"This is our hobby,'' Templeton says. "We like working the dogs. We don't have to kill the hog every time.''
Pitbulls are superb "catch'' dogs, Helton says.
They're stocky enough to take on a hog and they've got strong jaws.
Helton was training a new pit for his pack during our hunt.
The dog performed well on hogs in a controlled setting, Helton reported.
Would he do well on a live hunt in the woods?
"You can't never tell until you get him out there,'' Helton said.
Most of the dogs in Templeton's and Helton's packs are mixed breeds of different hound varieties, curs -- you name it.
A good hog dog must have a good nose, and it must be fearless, Templeton says.
Not all hogs run from the dogs. For some, their first instinct is to fight.
All of Templeton's and Helton's veteran dogs bear battle scars.
There have been some deaths.
Both boys are highly skilled at wound care.
The South is famous for its hog-baying competitions, where dogs are judged on how well they work at cornering a hog in a pen and barking at it.
Helton scoffs at such games. His dogs work for a living. They are not for show.
"My dog Cowboy is the best dog I've ever seen, and he probably wouldn't even pay attention to a hog in a pen,'' Helton said. "He knows that hog's caught, so what's the point?
"You get those competition dogs out in the woods and they don't know what to do.''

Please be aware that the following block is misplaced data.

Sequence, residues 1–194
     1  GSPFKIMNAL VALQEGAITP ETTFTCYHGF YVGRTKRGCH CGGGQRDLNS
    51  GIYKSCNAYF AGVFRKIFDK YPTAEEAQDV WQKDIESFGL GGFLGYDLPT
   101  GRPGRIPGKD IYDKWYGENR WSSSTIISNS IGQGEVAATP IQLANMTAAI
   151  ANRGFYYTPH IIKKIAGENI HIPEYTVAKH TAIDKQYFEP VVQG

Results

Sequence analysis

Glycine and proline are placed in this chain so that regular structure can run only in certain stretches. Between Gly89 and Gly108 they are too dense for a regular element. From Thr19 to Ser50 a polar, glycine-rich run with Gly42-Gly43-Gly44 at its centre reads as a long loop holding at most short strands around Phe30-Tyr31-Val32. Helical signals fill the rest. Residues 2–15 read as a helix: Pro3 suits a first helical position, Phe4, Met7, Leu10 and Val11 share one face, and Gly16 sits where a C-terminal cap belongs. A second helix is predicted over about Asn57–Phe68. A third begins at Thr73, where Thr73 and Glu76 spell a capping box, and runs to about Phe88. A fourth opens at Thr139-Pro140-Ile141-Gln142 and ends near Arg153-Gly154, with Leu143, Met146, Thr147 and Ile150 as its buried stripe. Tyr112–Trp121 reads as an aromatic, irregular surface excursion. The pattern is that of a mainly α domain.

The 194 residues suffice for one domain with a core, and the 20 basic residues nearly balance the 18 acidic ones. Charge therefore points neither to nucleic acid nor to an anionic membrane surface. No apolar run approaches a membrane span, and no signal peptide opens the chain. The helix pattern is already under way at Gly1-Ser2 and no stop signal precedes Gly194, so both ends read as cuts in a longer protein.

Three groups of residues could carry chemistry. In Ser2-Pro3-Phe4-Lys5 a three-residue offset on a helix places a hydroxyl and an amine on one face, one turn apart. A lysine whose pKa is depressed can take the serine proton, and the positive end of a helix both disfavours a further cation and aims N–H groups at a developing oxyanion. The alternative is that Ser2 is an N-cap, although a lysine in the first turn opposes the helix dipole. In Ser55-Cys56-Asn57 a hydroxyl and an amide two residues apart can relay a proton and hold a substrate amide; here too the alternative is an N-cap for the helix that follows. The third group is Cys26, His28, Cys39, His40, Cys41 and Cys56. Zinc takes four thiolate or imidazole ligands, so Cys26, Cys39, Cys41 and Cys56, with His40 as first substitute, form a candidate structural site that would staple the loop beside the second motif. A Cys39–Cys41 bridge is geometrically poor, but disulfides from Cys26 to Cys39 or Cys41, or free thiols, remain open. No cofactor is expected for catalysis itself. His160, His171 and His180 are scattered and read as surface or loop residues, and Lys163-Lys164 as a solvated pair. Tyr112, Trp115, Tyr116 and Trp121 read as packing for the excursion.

The air is full of mist as Pat McCormick of Cochranville and I take up posts along a cattle fence, overlooking a flooded pasture bottom.
The other members of our party are guarding different strategic locations surrounding a thick patch of swamp, where Templeton and Helton are going to loose six of their dogs.
McCormick is carrying a bolt-action Ruger .270. I've got my trusty, semi-automatic Remington R-15, chambered in .30-Remington AR.
We're barely in position 10 minutes, when the dogs start barking.
That means they're on the trail.
For the next hour or so, McCormick and I have front-row seats to what can best be described as a battle royal.
In the thicket directly in front of us, dogs are barking and occasionally yelping, hogs are grunting and squealing, and hunters and handlers are hollering questions and commands.
"This is unreal,'' McCormick says with a smile as the din moves closer to us.
The hogs we're waiting for are not the hogs the dogs are baying and fighting.
We're watching for escapees.
It takes awhile, but one finally pops out of the thicket about 250 yards downstream to my right.
It's a massive, black beast that looks like a small tank as it easily fords the swift creek, before stopping to survey its surroundings.
I hustle over to a good vantage point, cutting about 50 yards off the range, and set my AR on top of a set of shooting sticks.
Three quick pops from my rifle and the hog is down.
It's a sow that weighs over 300 pounds, thanks to the 3 inches of fat separating its hide from its meat, which is the finest wild game I've ever tasted.
McCormick takes another hog running from the melee.
With a pair of pigs on the ground, McCormick and I return to our posts as the war in the swamp rages on.
"Being here to experience that racket was worth the price of admission,'' McCormick says.
Some people certainly would find the racket horrifying.
But then again, hog hunting isn't for everyone.
P.J. Reilly is a Sunday News Outdoors writer. Email him at firstname.lastname@example.org